Article by : Shaun Connell
Gold is down, copper is down, gasoline is down, oil is down, stocks are down, heating oil is down… and the dollar is up.
The reason for this is because cash is the ultimate /short-term/ safe-haven for investors. Over time, cash will lose value, but during times of short bouts of economic turmoil and insanity, cash’s value goes up because everyone is trying to rush to that cash. The US dollar is a good example of this as the world’s reserve currency.
The dollar is up 2% for the year, and is up significantly for the day as well. Considering the US got downgraded, that should tell you something about how much uncertainty exists.
There are plenty of reasons for what’s going on. Liquidation, year end caution, a credit slowdown in China — whenever a market drops in price, there are usually millions of reasons why, with a few “big” reasons leading the charge. With the current drop, here’s what’s likely:
Liquidation. It’s near the end of the year, and investors are looking for good investments to sell so they can salvage profits for the year on some level. This makes them look better on paper to people who are investing with them. Mutual funds are especially susceptible to selling off a long-term winning asset when it begins to “crash” — they want to make sure they get at least some of those profits.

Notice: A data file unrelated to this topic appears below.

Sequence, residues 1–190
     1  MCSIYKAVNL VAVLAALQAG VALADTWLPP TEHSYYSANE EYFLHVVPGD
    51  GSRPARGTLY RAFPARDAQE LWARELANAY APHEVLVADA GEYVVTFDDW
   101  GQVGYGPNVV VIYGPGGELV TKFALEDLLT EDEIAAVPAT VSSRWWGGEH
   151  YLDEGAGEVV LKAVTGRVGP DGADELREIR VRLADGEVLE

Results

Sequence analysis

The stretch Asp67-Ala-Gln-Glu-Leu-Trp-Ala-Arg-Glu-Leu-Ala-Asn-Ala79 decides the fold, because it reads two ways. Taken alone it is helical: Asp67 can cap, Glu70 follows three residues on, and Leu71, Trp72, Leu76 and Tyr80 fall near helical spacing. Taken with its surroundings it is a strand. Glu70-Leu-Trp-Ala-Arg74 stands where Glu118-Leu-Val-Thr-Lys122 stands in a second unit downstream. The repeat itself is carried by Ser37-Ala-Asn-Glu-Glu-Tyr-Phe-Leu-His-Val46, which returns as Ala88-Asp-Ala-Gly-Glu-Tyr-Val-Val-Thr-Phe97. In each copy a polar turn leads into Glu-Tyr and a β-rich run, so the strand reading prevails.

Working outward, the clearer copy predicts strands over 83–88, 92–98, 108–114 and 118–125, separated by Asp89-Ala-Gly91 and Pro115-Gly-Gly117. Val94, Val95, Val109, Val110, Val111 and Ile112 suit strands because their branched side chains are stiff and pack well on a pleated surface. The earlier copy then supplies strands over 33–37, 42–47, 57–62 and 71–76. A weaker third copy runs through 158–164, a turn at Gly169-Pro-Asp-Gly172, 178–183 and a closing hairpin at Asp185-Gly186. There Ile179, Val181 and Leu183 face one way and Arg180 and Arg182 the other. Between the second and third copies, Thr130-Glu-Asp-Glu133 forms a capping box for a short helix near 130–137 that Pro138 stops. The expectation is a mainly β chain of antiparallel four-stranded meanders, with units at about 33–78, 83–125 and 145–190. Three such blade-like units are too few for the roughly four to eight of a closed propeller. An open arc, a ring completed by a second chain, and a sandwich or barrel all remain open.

Fear. People are horrified of what’s going on in Europe and Asia. The idea that there’s a possible new recession on the horizon means many investors are going to the one short-term asset that generally does fine during a crash or recession — cash. The dollar is up 2% so far this year, actually.
Reflexivity. Reflexivity means that whatever the market does, the market usually does a little too much because of speculation. This is especially true for commodities, because commodities don’t provide an income.
This means that gold and silver will probably drop “too much” before bouncing back whenever they do bounce back. That could be today or next week or next year. I’m thinking within a few weeks, assuming this isn’t “the crash” that I’ve talked about. There’s no telling.
For the record, I’ve spent the last year explaining that gold and silver are both susceptible to these sorts of crashes, and that’s why everyone should stay away from leverage, and also have cash, bonds, and dividend stocks in their portfolio. Anything else is just too risky.
It’s also possible we’ll see a long period of low gold/silver prices before the “big one” inflationary event that’s inevitable.
This is also another reason you should invest in gold and silver gradually over time, rather than all at once.